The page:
Assistive devices such as augmentative and alternative communication (AAC) systems are used by people with communication and motor disabilities, such as amyotrophic lateral sclerosis (ALS, commonly known as Lou Gehrig?s disease), to communicate and interact with their environment. There are various commercially available AAC devices that are controlled by access methods such as touch, switch, head tracking and eye gaze; however, these access methods become difficult or impossible to use when sustained muscle control is more challenging or voluntary motor control is lost. There are brain-computer interface (BCI) communication systems, such as the P300 speller, that use sensory stimulation to elicit and then detect sensory neural responses in electroencephalography (EEG) data, and these communication aids do not require any motor control on the part of the affected individual. However, the accuracies and spelling speeds of stimulus-driven BCIs are suboptimal due to the inherent limitations associated with relying on sensory stimulation, which generates highly variable neural responses, as well as the necessity of processing inherently noisy EEG data to extract the relevant neural information that is needed to control the BCI. Current BCI communication rates can potentially be improved with closed-loop optimisation techniques that exploit information from the user?s responses to previous stimuli to optimally tune the BCI system?s parameters to achieve the desired goal of maximising system performance under conditions of uncertainty. A closed-loop strategy can be used to select stimuli that are maximally informative of the user?s intent given the neural responses that are being measured, and I hypothesise that this data-adaptive approach to stimulus selection will minimise BCI decision errors and achieve better device control. Conventional BCIs use open-loop stimulus control methods as the stimulus presentation schedule is typically set in advance or occurs randomly, and there has been limited development of closed-loop stimulus paradigms in BCIs. The goal of the research that I propose is to investigate the feasibility of a novel closed-loop stimulus selection algorithm that will optimise the BCI stimulus presentation schedule in real-time based on the measured EEG data and the BCI system?s belief about the user?s intent, with proof-of-concept demonstrated in the P300 BCI speller.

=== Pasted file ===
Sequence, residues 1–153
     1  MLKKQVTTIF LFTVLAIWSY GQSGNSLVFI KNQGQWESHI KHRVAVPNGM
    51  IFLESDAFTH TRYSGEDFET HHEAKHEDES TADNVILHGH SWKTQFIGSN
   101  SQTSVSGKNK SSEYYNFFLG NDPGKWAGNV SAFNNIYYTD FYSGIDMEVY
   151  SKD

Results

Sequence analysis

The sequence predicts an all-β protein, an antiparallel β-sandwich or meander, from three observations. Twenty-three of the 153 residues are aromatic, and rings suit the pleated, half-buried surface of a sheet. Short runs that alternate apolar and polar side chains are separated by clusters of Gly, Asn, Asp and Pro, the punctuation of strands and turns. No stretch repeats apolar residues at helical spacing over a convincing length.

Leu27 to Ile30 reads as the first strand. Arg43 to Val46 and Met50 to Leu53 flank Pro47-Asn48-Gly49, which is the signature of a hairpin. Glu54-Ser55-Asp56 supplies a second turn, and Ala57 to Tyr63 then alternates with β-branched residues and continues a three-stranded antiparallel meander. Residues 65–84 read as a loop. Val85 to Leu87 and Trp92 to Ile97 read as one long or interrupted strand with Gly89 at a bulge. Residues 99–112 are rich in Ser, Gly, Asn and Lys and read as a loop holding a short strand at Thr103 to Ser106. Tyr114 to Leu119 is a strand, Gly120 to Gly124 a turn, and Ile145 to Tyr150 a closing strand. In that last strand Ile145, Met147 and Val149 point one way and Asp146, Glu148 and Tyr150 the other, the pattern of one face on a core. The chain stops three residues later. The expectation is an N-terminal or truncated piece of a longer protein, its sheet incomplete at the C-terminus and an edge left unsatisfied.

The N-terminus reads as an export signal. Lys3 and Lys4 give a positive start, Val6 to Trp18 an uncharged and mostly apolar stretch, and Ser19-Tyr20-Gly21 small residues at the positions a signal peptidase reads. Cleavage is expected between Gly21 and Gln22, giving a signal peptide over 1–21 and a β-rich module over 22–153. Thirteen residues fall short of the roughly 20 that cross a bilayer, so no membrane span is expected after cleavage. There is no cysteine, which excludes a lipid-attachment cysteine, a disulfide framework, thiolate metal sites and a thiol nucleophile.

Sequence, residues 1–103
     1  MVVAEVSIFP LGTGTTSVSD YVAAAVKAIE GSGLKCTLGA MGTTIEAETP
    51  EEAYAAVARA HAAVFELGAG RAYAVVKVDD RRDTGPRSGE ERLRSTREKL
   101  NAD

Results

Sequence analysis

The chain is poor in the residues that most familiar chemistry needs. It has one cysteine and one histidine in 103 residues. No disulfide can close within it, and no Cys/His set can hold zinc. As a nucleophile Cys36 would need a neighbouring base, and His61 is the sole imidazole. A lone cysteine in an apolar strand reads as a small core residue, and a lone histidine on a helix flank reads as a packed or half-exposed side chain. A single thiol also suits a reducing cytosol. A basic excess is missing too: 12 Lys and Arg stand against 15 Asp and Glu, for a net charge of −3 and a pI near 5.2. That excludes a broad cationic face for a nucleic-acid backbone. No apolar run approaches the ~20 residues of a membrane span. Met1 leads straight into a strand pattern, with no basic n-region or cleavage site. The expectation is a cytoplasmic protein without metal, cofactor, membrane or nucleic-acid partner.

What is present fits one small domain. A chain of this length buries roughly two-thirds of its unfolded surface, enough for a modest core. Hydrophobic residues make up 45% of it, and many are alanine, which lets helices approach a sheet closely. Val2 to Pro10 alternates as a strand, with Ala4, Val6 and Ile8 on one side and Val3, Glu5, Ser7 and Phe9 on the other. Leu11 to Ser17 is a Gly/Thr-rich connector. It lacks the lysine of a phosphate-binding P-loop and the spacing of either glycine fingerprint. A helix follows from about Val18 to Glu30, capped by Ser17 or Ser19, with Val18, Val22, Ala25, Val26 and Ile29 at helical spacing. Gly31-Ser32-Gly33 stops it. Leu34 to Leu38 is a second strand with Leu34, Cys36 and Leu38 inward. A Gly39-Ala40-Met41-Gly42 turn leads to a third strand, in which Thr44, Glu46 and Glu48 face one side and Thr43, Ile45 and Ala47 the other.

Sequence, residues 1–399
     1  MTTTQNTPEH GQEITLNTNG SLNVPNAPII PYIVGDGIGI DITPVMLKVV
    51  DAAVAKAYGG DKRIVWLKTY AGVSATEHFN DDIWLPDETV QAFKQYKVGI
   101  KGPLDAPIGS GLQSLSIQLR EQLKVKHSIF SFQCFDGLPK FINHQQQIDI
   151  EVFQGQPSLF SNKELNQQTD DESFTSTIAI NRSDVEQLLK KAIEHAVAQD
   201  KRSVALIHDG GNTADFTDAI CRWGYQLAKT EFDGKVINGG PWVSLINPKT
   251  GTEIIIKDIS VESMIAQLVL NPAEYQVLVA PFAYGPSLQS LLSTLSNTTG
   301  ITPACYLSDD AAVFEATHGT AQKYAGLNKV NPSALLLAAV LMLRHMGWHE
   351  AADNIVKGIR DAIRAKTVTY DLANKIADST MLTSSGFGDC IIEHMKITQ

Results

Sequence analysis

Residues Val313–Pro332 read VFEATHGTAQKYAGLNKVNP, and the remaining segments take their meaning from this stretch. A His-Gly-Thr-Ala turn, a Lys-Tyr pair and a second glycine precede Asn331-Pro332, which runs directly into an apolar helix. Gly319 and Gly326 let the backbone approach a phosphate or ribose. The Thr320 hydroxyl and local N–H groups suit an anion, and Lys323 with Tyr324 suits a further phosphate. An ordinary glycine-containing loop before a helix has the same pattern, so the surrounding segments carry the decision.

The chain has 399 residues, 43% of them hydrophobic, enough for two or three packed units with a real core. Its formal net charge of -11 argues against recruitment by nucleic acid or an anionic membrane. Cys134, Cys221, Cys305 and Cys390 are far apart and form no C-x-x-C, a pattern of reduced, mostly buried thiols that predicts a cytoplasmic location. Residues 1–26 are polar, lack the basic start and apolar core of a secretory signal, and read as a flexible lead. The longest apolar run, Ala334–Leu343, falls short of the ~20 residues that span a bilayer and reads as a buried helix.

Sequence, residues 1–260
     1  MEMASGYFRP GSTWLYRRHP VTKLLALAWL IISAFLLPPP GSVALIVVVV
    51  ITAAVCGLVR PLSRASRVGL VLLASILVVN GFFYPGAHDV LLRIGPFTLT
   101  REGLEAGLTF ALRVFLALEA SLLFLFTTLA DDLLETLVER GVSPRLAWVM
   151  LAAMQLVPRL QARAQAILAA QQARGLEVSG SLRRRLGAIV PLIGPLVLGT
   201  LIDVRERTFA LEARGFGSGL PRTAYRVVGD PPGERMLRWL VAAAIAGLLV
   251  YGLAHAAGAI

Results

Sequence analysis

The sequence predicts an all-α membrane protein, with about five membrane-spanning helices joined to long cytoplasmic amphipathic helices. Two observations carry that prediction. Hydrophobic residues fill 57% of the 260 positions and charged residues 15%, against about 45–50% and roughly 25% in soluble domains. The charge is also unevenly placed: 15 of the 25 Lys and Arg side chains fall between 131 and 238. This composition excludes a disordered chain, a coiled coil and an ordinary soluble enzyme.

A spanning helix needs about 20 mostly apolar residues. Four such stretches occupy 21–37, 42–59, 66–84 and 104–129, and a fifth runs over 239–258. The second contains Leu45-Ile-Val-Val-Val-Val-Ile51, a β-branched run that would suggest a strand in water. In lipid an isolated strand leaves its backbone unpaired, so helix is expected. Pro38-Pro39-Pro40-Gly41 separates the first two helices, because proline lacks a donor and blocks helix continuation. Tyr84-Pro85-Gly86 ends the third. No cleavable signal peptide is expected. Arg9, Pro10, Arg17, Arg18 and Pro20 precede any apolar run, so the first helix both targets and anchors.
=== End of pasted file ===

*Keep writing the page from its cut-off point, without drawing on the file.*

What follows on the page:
Specific Aim 1 will initially develop and test the novel algorithm in a non-disabled cohort to leverage the time efficiency and practicality of non-disabled participant studies to evaluate the real-time feasibility and potential utility of the closed-loop stimulus selection algorithm.
Specific Aim 2 will test the closed-loop stimulus selection algorithm in individuals with ALS to assess the performance of the algorithm in a clinically relevant cohort. The successful development and testing of the proposed closed-loop stimulus selection algorithm in a challenging system such as the P300 BCI speller has the potential to instigate a paradigm shift towards closed-loop methods for BCI control and other applications where optimising system parameters in real-time to improve overall system performance could be of benefit.

Public Health Relevance

People with significant motor disabilities often require assistive devices such as augmentative and alternative communication (AAC) systems to communicate and interact with their environment. Brain-computer interfaces (BCIs) can provide access to AAC systems and other devices for individuals with little to no voluntary muscle control in order to facilitate their communication with the outside world; however current BCI communication accuracies and speeds are suboptimal. The goal of this research effort is to develop and test the use of closed-loop optimisation techniques in BCI system design, where information from previous user responses and actions by the system is considered during the selection of the next action of the system. These closed loop techniques will be used to optimise BCI stimulus presentation parameters during real-time use to improve BCI communication efficiency, and demonstrated success of the proposed closed-loop stimulus optimisation method in real-time BCI use has the potential to accelerate the translation of BCI systems into viable AAC devices.

National Institute of Health (NIH)
National Institute on Deafness and Other Communication Disorders (NIDCD)
Exploratory/Developmental Grants (R21)
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Communication Disorders Review Committee (CDRC)
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Shekim, Lana O
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Duke University
Engineering (All Types)
Biomed Engr/Col Engr/Engr Sta
United States
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